So: where are the Polyfills? Where are the Adobes, Flickrs and everybody using them, with blog posts documenting their traffic savings and newly enabled huge image features, and that “x% of the web runs on JPEG-XL”?

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                    And, to keep that line of thought a bit separate, as its own post:

                    I don’t so much mind JPEG XL folks doing that. That means that they’re working in a world view that presumes such a web hegemony by Chrome. I disagree but given that it’s xPEG, they probably can’t think any other way.

                    The FSF, however, should be well aware how stuff like this ought to work…

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                    Okay, so it’s more about web standards being fast tracked without proper procedure? I can definitely appreciate that.

                    The way Google has gone about this though is not just removing an existing experimental flag for a feature that actually has (or had) a good chance of getting in had it just been given time, but did so in such a way that made it sound like the decision was final and there would be no way back from it, while providing such a weak/misleading explanation that it seemed pretty obvious there must be an ulterior motive. Especially when they didn’t even acknowledge the flood of companies showing an interest and clearly proving them wrong. If even they can’t convince Google to think twice, then clearly they aren’t interested in having an honest discussion.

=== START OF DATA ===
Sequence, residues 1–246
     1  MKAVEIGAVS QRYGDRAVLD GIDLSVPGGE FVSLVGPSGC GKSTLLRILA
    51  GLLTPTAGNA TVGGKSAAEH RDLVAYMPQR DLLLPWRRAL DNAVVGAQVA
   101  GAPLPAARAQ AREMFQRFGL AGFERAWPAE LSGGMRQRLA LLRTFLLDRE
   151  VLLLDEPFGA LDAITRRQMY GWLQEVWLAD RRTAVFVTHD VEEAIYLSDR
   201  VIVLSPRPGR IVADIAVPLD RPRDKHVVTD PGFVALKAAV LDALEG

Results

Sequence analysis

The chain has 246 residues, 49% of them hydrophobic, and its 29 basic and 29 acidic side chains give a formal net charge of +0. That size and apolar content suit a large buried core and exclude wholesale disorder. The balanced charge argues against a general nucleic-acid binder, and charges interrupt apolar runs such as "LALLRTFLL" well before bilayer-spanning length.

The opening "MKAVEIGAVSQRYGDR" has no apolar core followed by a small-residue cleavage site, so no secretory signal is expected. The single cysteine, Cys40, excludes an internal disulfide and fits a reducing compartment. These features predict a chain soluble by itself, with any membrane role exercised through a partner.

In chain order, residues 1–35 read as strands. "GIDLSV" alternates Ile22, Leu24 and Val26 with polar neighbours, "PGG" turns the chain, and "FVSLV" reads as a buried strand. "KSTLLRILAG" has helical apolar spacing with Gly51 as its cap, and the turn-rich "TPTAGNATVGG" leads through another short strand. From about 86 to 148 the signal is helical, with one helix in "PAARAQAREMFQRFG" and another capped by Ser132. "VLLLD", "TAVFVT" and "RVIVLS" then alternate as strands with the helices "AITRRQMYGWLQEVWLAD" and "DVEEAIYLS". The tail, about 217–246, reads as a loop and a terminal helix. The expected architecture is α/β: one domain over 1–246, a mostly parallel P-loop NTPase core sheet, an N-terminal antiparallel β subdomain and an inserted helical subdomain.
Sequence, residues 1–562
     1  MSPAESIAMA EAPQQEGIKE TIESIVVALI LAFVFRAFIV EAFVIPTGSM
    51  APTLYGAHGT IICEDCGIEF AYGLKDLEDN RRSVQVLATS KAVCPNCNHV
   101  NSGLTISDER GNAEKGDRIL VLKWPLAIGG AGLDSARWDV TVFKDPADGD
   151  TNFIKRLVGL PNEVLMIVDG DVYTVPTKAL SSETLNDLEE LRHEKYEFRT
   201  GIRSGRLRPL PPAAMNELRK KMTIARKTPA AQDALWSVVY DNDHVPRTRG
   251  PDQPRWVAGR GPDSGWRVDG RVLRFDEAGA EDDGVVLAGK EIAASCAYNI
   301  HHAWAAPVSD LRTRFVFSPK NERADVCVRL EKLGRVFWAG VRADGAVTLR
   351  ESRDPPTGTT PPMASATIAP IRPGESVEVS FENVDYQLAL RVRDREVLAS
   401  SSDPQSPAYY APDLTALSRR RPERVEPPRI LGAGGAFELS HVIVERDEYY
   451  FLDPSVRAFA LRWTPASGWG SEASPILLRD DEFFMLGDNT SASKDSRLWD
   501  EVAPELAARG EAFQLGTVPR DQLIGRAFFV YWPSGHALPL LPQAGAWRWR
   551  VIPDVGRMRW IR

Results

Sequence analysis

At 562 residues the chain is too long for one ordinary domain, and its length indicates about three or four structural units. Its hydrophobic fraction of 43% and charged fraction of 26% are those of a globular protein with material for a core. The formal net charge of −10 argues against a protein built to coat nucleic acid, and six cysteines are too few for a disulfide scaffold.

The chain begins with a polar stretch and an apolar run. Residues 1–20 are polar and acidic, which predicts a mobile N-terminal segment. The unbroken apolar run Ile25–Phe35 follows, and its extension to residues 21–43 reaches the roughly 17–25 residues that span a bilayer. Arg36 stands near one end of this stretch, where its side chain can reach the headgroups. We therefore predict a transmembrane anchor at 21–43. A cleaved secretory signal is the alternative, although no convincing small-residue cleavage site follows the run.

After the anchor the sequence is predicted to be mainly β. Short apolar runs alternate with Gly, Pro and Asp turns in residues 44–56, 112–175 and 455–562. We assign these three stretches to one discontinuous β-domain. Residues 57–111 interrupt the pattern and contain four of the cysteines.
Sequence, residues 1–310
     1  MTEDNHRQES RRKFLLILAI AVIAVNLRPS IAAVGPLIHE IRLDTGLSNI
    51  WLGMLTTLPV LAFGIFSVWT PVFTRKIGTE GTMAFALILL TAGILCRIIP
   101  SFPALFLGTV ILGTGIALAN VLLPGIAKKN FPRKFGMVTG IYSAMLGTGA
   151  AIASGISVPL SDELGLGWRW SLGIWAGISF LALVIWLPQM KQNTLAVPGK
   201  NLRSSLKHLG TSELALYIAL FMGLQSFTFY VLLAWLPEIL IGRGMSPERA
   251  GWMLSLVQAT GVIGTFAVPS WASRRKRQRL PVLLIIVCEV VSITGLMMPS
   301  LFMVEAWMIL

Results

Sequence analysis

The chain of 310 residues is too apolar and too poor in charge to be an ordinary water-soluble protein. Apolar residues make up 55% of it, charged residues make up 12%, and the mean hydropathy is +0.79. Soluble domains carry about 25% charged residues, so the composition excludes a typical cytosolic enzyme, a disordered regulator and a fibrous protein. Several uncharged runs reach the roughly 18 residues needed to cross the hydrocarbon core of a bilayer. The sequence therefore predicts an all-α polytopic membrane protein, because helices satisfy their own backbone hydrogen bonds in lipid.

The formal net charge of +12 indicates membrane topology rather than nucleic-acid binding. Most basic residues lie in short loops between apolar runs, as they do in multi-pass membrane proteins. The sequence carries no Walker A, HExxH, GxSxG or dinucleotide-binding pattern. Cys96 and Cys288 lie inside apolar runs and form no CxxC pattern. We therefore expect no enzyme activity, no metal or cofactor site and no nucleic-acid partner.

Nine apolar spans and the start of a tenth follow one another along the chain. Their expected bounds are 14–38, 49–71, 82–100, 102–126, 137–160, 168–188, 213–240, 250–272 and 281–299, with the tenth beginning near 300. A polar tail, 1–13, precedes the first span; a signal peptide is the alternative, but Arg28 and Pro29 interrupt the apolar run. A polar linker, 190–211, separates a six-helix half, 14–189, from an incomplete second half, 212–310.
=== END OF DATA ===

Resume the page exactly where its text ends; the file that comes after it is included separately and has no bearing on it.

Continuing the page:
Personally I don’t mind how long it takes for the web to adopt JPEG-XL. I would have been all too happy for it to have gone through the process you describe (although I’m not sure how realistic it is that the major players would use a polyfill for something like this). What’s frustrating is that the way they did handle it may have effectively killed any chance it had prematurely rather than allowing it to gain traction slowly and naturally.

                    Edit: And I really want to be wrong about that. I hope that there is a way back from this.

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                      so it’s more about web standards being fast tracked without proper procedure?

                      To some degree, but not only. The other aspect is that all those organizations chiming in on the issue tracker talk the talk but don’t walk the walk. There are numerous options to demonstrate that they care about a JPEG-XL deployment and that kickstart JPEG-XL on the web. I haven’t seen much in that space (see above for ideas what they could do, that nobody working on Chrome could block).